As a best practice, keep an inventory of every report relied upon in a control and denote the key data elements used in that report, allowing auditors to focus on only the relevant data elements used. Not every data element in a report is necessarily relevant, and companies should demonstrate that they know which data elements matter and which don’t, as discerning between data elements streamlines the audit and showcases preparedness.
With mass layoffs hitting a range of sectors the past 12 months, a volatile IPO market, large stores of private equity dry powder, and prevailing supply chain, interest rate, and global security trepidation, it’s safe to say the impacts of these realities will be under a microscope.
Companies can expect auditors to evaluate economic considerations, how they were assessed throughout the year, and how they affected valuations, impairment, and going concern assumptions. Be prepared with a well-documented analysis of these factors.
Following the Wirecard fraud incident and the PCAOB action referenced above, expect additional efforts around the confirmation process. Auditors might seek more comprehensive confirmations, request additional data elements to be confirmed, or confirm accounts that weren’t previously confirmed.
With escalating cyber threats and the increased utilization of IT systems, auditors will delve deeper into companies’ risk assessments around cybersecurity threats and potential attacks. Auditors will assess whether cyber incidents resulted in material misstatements, disruptions or impacts to financial reporting operations, and mitigation or resolution practices put into place.
Companies must have clear, comprehensive documentation of their cybersecurity risk assessment process and extensive assessments of any attacks.
Emerging ESG Questions
Though not yet mandatory from a regulatory perspective, audit firms are seeking to understand how companies are assessing and responding to climate risks, with an eye on climate-related disclosures and greenhouse gas emission disclosures that may soon be required. Consequently, they are contemplating the impact of climate factors on financial statements and how ready companies may be for future required disclosures related to ESG.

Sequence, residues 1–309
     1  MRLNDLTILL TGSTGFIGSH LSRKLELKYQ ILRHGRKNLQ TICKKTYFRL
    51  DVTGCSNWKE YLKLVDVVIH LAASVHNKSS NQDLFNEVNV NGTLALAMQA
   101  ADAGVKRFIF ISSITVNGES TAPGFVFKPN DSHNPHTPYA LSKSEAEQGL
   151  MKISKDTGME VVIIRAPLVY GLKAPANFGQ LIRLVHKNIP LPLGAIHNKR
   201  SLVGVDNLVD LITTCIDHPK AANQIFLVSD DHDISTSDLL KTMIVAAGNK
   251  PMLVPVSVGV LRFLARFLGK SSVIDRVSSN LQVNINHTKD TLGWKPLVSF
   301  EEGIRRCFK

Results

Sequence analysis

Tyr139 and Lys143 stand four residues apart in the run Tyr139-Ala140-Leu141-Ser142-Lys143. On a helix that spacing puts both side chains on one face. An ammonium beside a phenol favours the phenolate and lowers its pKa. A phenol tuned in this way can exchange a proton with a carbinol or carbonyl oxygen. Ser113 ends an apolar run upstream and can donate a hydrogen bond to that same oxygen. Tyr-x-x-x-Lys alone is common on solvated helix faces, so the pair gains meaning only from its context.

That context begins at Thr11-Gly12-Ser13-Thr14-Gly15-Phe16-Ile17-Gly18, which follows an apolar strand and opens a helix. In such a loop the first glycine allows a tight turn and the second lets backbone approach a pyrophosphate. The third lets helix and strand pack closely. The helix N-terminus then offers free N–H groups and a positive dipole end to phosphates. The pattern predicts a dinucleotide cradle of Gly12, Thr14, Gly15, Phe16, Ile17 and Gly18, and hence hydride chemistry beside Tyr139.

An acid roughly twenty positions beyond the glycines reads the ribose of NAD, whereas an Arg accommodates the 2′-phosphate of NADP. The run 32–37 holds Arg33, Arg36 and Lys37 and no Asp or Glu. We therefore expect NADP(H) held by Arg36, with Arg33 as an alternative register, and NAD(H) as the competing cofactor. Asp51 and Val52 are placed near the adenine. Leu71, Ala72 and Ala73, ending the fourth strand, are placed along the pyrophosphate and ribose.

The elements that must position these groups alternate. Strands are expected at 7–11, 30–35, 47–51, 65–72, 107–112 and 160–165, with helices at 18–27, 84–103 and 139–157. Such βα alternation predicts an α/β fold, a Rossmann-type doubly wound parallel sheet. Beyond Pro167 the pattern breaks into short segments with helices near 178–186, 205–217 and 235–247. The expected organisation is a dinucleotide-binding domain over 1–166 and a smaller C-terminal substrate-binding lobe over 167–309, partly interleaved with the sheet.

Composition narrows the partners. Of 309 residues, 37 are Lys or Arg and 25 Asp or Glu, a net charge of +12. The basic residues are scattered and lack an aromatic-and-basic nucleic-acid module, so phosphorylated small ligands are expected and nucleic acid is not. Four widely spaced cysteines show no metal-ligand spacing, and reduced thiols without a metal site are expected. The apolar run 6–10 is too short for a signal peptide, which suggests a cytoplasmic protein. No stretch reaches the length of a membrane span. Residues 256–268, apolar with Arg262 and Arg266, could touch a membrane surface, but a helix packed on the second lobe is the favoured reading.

Companies should understand what they’re already disclosing about ESG, particularly regarding climate-related disclosures. They should also consider whether their “ESG story” aligns with other financial reporting determinations or disclosures – for example, as it relates to impairments or valuations.
When approaching these regulatory concerns, companies should create a calendar of milestones and communicate often internally and externally. Traditional project management best practices can help mobilize relevant stakeholders and provide accountability during the audit process.
3. Seek Experienced Support
The audit process doesn’t have to be managed alone. CrossCountry Consulting’s audit-readiness experts have decades of audit, accounting, finance, technology, and risk management experience that enables public and private companies to reduce audit friction and see around audit curves. For robust and proven audit-readiness support, contact CrossCountry Consulting.